It looked like your classic summer camp with the moon reflecting off the lake, mountains standing guard, a spacious dining hall and cabins.There were bonfires at nights and a talent show at the end. But I’d never heard of a summer camp that skipped hot dogs for vegetarian pizza, demanded references from campers, and had a security post to deter possible intruders and where you could spend the week for $80, in part because you were expected to help staff the camp.
There were no kids at this gathering last May, and no sports beyond hiking and fishing. Instead, it featured a jam-packed schedule of workshops and speakers on subjects such as underground coal mining, community organizing, civil disobedience, blockades, the nature of oppression, tree climbing and Appalachian culture. This was a training ground for activists.
I was at the fourth annual Mountain Justice Summer (MJS) Camp, held near Harlan, Ky. – “Bloody Harlan,” in the heart of the coalfields. It drew some 200 men and women from as far afield as Maine, Florida, Texas and California. While most were college students, who slept in tents, their ranks were leavened with professional people (nurses, teachers, a lawyer, a chef) and full-time activists in their 30s, 40s and 50s. They’d all come to learn more about Appalachia, and the philosophy and tactics of resistance and to make plans for continuing the fight against mountaintop removal coal mining, which one camper termed “the greatest environmental catastrophe of our time.” When asked one morning how many planned to spend the summer in Appalachia, a lot of hands went up.
Mountain Justice Summer is a nonhierarchical group, a collective composed mostly of young people trying to save the Appalachian mountains and their streams and forests from destruction by coal companies. The means range from grassroots organizing to nonviolent direct action. Since 2005, MJS has staged numerous dramatic protests, occupations of offices and a mountain blockade, some leading to arrests. The targets have included Massey Energy Co. and National Coal Co., a coal-fired power plant, West Virginia’s governor, and Bank of America. MJS wants a non-coal based economy for Appalachia.
When a dozen campers climbed one morning in the dark to the top of Knobby Ridge on Pine Mountain, none of us one seemed surprised to find what the dawn’s early light revealed: far off in the rolling waves of green mountains, a ridge defaced by a brown blanket of debris churned up by mountaintop strip mining.
“It’s good to be reminded of what we’re fighting for and what we’re fighting against,” a young woman remarked.
Campers were reminded of this by many speakers, including residents of the Eastern Kentucky coalfields and a woman from West Virginia, Maria Gunnoe, who has been a thorn in the side of mountaintop removal operations behind her family’s home place for years (Gunnoe was profiled in Blue Ridge Country’s July/August 2008 story, “The Future of Appalachia”).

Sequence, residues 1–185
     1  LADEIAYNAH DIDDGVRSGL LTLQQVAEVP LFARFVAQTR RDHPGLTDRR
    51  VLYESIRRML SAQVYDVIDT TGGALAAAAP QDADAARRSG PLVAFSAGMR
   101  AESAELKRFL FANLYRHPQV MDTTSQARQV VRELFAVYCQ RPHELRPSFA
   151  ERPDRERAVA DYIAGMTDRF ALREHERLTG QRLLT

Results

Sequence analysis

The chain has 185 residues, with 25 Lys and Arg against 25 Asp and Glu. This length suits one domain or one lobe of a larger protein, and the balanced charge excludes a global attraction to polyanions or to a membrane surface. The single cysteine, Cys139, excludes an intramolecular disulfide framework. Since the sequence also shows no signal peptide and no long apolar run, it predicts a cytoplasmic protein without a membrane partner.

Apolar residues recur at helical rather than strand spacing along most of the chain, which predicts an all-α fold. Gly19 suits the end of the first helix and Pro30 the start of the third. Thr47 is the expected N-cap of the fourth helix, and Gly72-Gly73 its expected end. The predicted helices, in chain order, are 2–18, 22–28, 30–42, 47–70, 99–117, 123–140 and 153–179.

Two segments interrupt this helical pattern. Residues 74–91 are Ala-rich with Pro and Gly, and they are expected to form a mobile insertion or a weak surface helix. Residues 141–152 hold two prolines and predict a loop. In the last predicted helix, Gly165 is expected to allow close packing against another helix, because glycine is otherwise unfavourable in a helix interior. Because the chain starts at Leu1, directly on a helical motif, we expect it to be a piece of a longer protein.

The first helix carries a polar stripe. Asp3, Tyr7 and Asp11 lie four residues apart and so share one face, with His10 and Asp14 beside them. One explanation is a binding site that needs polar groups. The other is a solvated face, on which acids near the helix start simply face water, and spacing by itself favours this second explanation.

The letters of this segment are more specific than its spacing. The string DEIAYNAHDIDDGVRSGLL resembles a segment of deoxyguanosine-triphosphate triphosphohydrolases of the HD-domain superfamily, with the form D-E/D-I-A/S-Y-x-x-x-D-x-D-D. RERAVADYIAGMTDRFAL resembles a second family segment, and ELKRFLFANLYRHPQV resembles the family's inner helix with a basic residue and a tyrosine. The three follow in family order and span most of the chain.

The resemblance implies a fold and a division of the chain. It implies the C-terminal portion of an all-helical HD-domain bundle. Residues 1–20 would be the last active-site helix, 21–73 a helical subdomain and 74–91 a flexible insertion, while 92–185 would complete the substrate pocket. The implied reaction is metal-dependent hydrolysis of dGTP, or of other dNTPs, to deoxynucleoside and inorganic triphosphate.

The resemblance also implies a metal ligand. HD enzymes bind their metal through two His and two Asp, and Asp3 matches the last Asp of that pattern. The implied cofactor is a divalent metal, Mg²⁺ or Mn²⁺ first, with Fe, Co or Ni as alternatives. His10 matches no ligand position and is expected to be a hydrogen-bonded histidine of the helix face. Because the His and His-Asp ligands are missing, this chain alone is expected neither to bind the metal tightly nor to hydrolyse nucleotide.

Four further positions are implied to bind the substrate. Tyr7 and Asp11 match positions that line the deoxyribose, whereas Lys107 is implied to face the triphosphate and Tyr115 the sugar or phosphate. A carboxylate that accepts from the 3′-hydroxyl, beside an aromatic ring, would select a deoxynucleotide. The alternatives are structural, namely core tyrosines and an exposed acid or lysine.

“When is enough enough?” Gunnoe asked. “How many mountains must they take?”
Gunnoe’s resistance has brought her the enmity of some of her neighbors and some miners, worried about losing their jobs. She and her children have been threatened and her face appears on homemade wanted posters. She travels with her “protection dog.”
When I watched individuals learn how to rope in and scale trees in the forest (fear of heights kept me on terra firma), it all seemed like a kick until I thought of the sober point of the lessons – a way to hang anticoal banners from high bridges, highway overpasses and buildings and to make onlookers think about why people are willing to take such risks.
I saw the seriousness with which the campers, even the most fun-loving, took their cause. No matter how early or late I went in the kitchen, an underchef in a classy French-English restaurant in Nashville, was there. He worked close to 20 hours a day to feed everyone, arising at 3:00 or 4:00 each morning. It’s not the first time he’d cooked for MJS.
People took time out to work on community projects, such as water testing. One day the camp learned about a Harlan woman, whose house desperately needed repair. Campers took up a collection and raised $300 for building supplies. The next day a crew of carpenters and a union electrician in their ranks rebuilt the back porch and the floor in one room, put up kitchen cabinets and did some rewiring. These folks didn’t waste time.
The campers were an impressive bunch. They paid close attention and spoke their minds. Different people volunteered to lead morning meetings, held outdoors standing in a giant circle. Most were students with the aplomb to deftly direct a group of scores of people, most strangers to them.
The camp was a place of music making, good conversation and good cheer. After midnight one night people could be found square dancing in the kitchen, picking in the dining hall or circling a bonfire by the lake to mark the full moon. The camp seemed to help people draw closer for the work of MJS that lay ahead.